Jarrett English, senior field organizer of ACLU Wisconsin, writes there are some points that need to be cleared up about the settlement of an ACLU lawsuit regarding the MPD’s “stop and frisk” policies.
A recent Forum on Police Community Relations at the Washington Park Senior Center surfaced some major inaccuracies stated publicly by Milwaukee Police Department officials.
1. The settlement of the ACLU lawsuit regarding the Milwaukee Police Department’s longstanding “stop and frisk” policies is not subject to reconciliation with the Department of Justice draft report recommendations. While Markasa Tucker, Tammy L. Rivera, Fred Royal and others on the Community Collaborative Committee are doing great work to incorporate those recommendations into standard procedures, that work is a completely separate process.
The ACLU lawsuit is now a settled and signed Federal Court Order The terms of the settlement are NOT optional for the Milwaukee police to comply with nor are they continuing to be negotiated. The MPD, the Fire and Police Commission and the city must comply as ordered by the federal court and overseen by the monitoring consultant and the ACLU.
2. Standard Operating Procedures (SOPs) are NOT optional for police officers to follow; they are mandatory. Violations make an officer subject to immediate discipline and possible termination. SOPs are based on state law, the state constitution, the MPD code of conduct, the Civil Rights Act of 1964, the U.S. Constitution and the Bill of Rights among other precedents. There’s nothing optional about them although the oversight has been severely lacking throughout the history of MPD. That will be changing.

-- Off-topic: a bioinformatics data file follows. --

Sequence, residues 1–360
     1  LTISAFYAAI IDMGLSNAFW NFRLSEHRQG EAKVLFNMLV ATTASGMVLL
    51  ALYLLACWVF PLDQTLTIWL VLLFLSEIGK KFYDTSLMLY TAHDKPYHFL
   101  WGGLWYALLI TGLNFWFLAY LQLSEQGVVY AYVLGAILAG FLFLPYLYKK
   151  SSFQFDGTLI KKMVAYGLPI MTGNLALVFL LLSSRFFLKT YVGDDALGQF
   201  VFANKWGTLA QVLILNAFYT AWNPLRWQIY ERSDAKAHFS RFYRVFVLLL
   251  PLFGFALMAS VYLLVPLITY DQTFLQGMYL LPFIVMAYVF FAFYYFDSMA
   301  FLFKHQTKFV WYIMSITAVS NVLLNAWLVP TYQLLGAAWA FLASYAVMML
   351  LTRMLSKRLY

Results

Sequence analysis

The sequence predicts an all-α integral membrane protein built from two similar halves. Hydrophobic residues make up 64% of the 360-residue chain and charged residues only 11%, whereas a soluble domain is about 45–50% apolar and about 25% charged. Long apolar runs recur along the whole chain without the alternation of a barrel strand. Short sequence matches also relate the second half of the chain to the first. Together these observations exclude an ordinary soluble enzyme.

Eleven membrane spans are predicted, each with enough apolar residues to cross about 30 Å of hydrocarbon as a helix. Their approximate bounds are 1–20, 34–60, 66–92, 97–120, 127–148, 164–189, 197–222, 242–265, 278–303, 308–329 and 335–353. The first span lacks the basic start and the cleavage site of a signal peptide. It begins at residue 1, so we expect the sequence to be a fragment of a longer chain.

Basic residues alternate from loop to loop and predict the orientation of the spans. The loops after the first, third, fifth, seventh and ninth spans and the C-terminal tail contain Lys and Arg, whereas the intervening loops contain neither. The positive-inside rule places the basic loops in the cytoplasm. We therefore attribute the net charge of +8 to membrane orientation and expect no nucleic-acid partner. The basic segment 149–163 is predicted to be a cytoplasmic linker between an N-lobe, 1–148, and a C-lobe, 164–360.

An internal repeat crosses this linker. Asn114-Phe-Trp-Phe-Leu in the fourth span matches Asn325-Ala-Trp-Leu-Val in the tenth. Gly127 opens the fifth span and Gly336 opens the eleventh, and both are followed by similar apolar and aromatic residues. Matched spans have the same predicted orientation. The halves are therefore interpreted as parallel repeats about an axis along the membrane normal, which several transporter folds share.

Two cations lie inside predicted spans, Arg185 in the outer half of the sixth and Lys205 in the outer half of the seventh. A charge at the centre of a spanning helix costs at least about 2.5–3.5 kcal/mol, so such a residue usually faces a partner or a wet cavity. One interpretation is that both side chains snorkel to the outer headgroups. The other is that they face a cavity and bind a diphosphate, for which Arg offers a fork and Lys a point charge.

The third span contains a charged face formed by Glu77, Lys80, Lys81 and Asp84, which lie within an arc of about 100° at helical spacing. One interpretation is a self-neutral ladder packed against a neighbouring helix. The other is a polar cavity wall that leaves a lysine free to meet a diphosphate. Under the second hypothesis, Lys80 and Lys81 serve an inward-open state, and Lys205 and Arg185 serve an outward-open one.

It’s true that Chief Alfonso Morales seems to be undertaking efforts toward real reform, which is absolutely necessary. We support and acknowledge his efforts. The previous police administration did not have the will and refused to find a way to change the deeply problematic and racist culture of the Milwaukee Police Department. Because of its history in this city, we are in the territory of “’trust needs to be earned and verified perpetually afterwards”.
Morales has a mandate, but it is not his own; it was given to him by the people and the community, who have suffered under decades of misconduct and corruption in the Milwaukee Police Department.
But it’s more than that; it’ a moral and ethical duty that the city correct the wrongs of the department and that its very real challenges are not used as an excuse to bulldoze the God-given, constitutionally enshrined rights of the great people of Milwaukee.
Furthermore, it’s not the duty of the people to regain the trust of the police but the duty of the police, who are paid very well by the people, to gain the people’s trust and not misuse it. The respect of the people, their rights, and needs for safety are paramount and must be equally protected.
For city officials and MPD to ever act otherwise is disrespectful. They work for the people; the people don’t work for MPD. Let’s make sure as a community that that’s how things are operated going forward.
We don’t want to talk about reform; we are going to be about it and we want to give the entire community a chance to join in. If you want to hear the details of the ACLU settlement, how it came to be and how it will be enforced, come to The Justice Tour, on Saturday, Oct. 13, from 2 to 5 pm at Centennial Hall, where you can celebrate and become a part of the inevitable victory of the people in this city.